Running Away to HomeThis month, I’ve been participating in a community reading program. For that annual event, people are invited to read a book chosen by the planning committee. There are activities such as book discussions and it all culminates with a presentation by the author. It’s one of those things I’ve always intended to do, but never got beyond the thinking about it stage. So I kind of surprised myself when I signed on. What was different this year? The main thing was that I was intrigued by the book selection, Jennifer Wilson’s memoir Running Away to Home.

The long subtitle pretty much sums up what the book is about: Our Family’s Journey to Croatia in Search of Who We Are, Where We Came From, and What Really Matters. Jennifer, a travel writer and mother of two, was frustrated with her frenzied, materialistic world of work, soccer practices, swimming lessons, and shopping trips to Target all fueled by caffeine from Starbucks. “Is this the American Dream?” she wondered. “Because if it is, it sort of sucks.” Her husband shared her dissatisfaction and her spirit of adventure. So they set off with their two young children, headed for the small Croatian village of Mrkopalj (MER-koe-pie) in search of Jennifer’s family roots and a simpler life.

Surprisingly, Jennifer, who is the most passionate about travel, is the one who had the hardest time adjusting to the unstructured lifestyle and to living on Croatian time where things get done whenever. (The rooms that were supposed to be ready for them when they arrived for their four-month stay were still a work-in-progress.)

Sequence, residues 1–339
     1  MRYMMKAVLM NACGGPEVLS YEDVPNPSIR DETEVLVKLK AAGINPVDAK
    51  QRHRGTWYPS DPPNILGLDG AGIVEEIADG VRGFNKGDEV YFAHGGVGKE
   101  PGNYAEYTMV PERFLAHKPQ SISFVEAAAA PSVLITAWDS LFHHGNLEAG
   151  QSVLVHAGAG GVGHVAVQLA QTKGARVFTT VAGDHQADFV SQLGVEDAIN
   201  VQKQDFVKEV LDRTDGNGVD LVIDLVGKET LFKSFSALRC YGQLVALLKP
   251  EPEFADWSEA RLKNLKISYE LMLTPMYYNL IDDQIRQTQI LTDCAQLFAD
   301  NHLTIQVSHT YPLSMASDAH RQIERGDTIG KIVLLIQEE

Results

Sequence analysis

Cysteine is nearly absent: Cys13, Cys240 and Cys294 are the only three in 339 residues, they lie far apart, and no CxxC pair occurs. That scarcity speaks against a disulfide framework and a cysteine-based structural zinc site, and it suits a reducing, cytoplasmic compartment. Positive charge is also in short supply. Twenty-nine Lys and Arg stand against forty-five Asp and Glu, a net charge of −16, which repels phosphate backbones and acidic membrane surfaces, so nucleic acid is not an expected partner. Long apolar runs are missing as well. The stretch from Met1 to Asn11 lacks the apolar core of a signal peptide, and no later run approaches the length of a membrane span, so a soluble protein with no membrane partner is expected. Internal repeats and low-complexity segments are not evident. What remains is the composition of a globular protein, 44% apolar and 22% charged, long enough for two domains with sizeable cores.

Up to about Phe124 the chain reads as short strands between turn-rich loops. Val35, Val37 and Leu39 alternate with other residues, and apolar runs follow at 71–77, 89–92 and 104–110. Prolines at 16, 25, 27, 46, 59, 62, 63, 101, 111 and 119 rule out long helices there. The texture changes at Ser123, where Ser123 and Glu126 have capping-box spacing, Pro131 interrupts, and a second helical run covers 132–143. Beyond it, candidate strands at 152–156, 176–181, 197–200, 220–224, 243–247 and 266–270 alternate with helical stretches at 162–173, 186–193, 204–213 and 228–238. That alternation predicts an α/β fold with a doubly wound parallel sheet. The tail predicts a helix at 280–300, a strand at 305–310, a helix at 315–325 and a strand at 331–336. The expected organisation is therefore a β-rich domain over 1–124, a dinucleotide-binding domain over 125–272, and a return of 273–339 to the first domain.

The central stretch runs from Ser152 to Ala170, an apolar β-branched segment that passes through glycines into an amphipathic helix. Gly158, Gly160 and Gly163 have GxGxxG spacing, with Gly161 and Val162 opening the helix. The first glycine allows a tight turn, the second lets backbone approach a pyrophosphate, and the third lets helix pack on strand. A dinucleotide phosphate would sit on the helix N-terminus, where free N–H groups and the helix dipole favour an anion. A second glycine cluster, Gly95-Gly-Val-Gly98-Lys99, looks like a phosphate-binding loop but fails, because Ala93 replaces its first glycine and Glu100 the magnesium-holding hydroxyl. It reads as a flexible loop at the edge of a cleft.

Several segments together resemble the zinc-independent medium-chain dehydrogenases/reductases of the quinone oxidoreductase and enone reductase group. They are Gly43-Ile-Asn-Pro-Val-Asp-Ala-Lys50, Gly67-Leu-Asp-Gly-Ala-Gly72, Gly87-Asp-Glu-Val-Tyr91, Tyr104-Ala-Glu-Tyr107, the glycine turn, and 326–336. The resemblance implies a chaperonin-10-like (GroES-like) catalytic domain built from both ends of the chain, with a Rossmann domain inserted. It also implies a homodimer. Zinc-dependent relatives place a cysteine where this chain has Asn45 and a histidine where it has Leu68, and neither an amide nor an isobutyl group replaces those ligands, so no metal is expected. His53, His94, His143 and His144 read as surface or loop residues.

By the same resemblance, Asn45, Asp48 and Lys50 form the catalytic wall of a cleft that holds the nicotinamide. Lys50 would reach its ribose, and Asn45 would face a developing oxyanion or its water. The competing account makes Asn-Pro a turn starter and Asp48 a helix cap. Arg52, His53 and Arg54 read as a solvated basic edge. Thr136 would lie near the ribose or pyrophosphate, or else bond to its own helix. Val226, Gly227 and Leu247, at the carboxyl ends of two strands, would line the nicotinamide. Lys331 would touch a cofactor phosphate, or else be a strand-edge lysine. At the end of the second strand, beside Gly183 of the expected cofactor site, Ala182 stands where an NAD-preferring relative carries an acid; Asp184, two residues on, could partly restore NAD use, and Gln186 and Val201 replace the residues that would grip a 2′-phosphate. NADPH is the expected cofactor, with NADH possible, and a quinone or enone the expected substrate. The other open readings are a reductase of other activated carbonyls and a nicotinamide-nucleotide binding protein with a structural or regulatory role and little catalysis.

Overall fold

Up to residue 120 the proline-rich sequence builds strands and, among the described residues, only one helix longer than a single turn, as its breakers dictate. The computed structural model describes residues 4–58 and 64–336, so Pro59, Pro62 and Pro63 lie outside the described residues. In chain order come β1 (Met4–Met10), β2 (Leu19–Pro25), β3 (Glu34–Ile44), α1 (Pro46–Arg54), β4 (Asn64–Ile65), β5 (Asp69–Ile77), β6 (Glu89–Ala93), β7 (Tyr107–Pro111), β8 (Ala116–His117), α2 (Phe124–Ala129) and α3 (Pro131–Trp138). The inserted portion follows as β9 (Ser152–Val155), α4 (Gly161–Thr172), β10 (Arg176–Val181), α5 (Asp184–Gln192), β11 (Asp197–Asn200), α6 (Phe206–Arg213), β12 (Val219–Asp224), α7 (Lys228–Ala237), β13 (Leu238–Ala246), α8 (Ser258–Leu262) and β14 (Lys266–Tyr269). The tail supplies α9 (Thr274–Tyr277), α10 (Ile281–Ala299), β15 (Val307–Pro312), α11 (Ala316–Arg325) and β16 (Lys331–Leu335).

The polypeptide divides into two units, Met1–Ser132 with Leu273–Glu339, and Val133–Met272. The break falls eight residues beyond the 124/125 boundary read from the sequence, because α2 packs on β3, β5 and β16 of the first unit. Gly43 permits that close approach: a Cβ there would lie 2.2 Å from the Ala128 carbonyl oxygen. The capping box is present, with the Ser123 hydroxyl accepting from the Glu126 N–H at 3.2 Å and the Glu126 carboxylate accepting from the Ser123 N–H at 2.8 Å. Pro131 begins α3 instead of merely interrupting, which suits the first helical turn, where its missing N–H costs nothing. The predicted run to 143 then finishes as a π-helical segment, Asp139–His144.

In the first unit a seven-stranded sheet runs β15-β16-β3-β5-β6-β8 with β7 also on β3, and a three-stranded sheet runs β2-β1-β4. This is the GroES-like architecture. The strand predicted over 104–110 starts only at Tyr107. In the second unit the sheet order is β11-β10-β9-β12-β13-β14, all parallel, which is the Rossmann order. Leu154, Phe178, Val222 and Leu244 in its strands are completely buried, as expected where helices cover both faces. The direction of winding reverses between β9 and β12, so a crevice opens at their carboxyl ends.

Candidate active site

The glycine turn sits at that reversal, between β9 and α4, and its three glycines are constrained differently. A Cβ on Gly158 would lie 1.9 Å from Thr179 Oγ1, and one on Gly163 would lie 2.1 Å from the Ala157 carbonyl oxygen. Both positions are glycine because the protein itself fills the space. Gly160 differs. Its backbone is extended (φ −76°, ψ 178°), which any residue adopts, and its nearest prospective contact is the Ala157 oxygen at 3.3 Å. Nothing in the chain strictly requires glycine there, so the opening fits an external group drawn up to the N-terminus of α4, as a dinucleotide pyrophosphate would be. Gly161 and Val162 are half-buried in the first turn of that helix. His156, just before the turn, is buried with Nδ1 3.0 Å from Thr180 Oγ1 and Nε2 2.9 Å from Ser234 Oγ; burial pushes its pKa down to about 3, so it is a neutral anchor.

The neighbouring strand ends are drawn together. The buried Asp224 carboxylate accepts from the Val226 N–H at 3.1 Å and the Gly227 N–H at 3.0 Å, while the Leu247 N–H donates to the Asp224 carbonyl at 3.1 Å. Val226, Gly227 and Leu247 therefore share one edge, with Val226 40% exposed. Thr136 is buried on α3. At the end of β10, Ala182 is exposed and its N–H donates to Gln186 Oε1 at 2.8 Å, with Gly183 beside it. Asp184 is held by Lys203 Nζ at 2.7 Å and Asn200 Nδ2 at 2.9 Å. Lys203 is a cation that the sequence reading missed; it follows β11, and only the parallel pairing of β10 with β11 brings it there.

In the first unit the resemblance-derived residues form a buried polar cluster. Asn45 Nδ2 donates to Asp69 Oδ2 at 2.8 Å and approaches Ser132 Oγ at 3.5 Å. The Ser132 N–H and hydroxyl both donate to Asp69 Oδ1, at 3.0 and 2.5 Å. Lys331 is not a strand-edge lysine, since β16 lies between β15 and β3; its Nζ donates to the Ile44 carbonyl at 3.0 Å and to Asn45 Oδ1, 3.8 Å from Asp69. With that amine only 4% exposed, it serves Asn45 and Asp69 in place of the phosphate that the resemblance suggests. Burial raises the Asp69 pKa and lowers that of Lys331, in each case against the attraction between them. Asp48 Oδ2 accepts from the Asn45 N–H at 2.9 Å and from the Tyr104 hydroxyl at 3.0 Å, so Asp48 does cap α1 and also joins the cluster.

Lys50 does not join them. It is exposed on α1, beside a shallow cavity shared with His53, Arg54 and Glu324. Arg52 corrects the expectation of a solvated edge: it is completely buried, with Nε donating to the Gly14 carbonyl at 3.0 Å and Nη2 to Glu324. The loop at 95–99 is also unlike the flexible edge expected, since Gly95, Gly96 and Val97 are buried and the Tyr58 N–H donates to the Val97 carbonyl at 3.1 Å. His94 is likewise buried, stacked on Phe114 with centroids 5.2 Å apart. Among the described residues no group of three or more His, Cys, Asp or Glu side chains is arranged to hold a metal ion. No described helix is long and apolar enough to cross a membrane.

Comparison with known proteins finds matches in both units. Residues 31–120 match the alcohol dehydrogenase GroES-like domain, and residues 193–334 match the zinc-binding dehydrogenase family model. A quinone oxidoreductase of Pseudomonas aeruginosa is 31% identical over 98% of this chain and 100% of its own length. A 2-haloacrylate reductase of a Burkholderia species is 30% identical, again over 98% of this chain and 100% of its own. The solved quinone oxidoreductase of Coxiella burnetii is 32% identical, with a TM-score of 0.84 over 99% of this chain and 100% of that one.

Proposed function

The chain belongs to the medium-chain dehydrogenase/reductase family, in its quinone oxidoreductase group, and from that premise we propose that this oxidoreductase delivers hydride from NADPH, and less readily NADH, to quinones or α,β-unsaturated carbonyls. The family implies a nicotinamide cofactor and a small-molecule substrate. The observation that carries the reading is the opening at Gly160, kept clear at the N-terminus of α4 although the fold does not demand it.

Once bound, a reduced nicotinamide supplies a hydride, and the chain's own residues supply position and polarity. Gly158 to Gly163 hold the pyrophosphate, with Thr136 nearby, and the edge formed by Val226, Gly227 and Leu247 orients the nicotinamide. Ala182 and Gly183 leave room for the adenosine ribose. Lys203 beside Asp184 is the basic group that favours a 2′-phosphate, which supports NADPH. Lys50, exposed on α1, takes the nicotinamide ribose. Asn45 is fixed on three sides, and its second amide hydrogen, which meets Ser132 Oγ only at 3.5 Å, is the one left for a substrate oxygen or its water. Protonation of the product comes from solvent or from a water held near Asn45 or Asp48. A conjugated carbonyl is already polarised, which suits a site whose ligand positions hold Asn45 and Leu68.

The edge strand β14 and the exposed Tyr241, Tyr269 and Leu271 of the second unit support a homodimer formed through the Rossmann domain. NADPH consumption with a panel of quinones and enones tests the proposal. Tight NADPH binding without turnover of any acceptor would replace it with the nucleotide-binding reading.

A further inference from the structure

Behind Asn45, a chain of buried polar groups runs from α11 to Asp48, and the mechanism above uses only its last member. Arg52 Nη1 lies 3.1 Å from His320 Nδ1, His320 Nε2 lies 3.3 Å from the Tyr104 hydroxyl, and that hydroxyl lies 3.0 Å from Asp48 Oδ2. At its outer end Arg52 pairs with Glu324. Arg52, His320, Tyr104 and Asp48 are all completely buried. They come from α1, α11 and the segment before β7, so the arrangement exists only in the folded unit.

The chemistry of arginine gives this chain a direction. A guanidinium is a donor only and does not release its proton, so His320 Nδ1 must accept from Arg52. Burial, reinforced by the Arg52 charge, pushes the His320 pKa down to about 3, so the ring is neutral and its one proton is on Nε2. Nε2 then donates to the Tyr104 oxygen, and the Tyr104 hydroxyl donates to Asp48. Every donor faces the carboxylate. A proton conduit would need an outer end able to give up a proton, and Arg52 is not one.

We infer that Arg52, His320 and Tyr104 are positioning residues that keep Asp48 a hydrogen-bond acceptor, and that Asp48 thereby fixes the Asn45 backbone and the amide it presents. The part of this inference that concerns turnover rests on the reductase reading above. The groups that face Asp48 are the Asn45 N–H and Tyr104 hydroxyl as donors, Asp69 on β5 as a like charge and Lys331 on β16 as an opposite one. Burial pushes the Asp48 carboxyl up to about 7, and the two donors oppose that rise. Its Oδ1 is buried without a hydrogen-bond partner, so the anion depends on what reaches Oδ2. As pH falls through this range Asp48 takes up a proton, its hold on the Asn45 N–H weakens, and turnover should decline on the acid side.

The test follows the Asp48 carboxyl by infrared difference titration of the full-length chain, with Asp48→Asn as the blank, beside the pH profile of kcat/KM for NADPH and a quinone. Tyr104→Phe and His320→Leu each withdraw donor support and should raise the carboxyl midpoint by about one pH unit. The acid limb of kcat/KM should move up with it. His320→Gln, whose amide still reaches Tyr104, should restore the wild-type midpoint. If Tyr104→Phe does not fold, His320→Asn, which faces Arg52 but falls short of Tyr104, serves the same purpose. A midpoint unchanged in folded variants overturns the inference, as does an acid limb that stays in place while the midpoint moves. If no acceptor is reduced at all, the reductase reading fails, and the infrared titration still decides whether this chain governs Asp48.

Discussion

Gradually, Jennifer did settle in and became immersed in the daily life of the village. She wrote with humor about the community and the friendships they formed there, and I loved her descriptions of the area. She also did a great job of building tension. At first, there are only roadblocks as she researches her family roots, but the story builds as she uncovers clues and begins to make progress.

I was tempted to skip some of the early sections about Mrkopalj’s history. I didn’t because I sensed it was an important part of the story, and I was right. I got more interested in the history as I learned more about Jennifer’s ancestors and began to see how the past had influenced their lives. I always say that I never cared much about history until I started writing biographies. But putting real people into the history makes it come alive, and that is the case with Jennifer’s story.

The book ends in Mrkopalj, so now I’m looking forward to the final part of the community reads program, Jennifer’s presentation. I’m hoping she’ll talk about what life is like for her family now that they are home again. I’m wondering how, or if, the trip changed them.

As much as I enjoyed Jennifer’s story and admire her spirit of adventure, I know I’ll never have a similar one to tell. I’m too much of a homebody. A week of vacation and I’m good for at least a few months. What about you? Would you leave everything behind to live in another country for a period of time? Would you make a journey like that with children, or would you prefer to travel on your own or as part of a couple? Or maybe you’ve already enjoyed your own adventure. I would love to hear about it.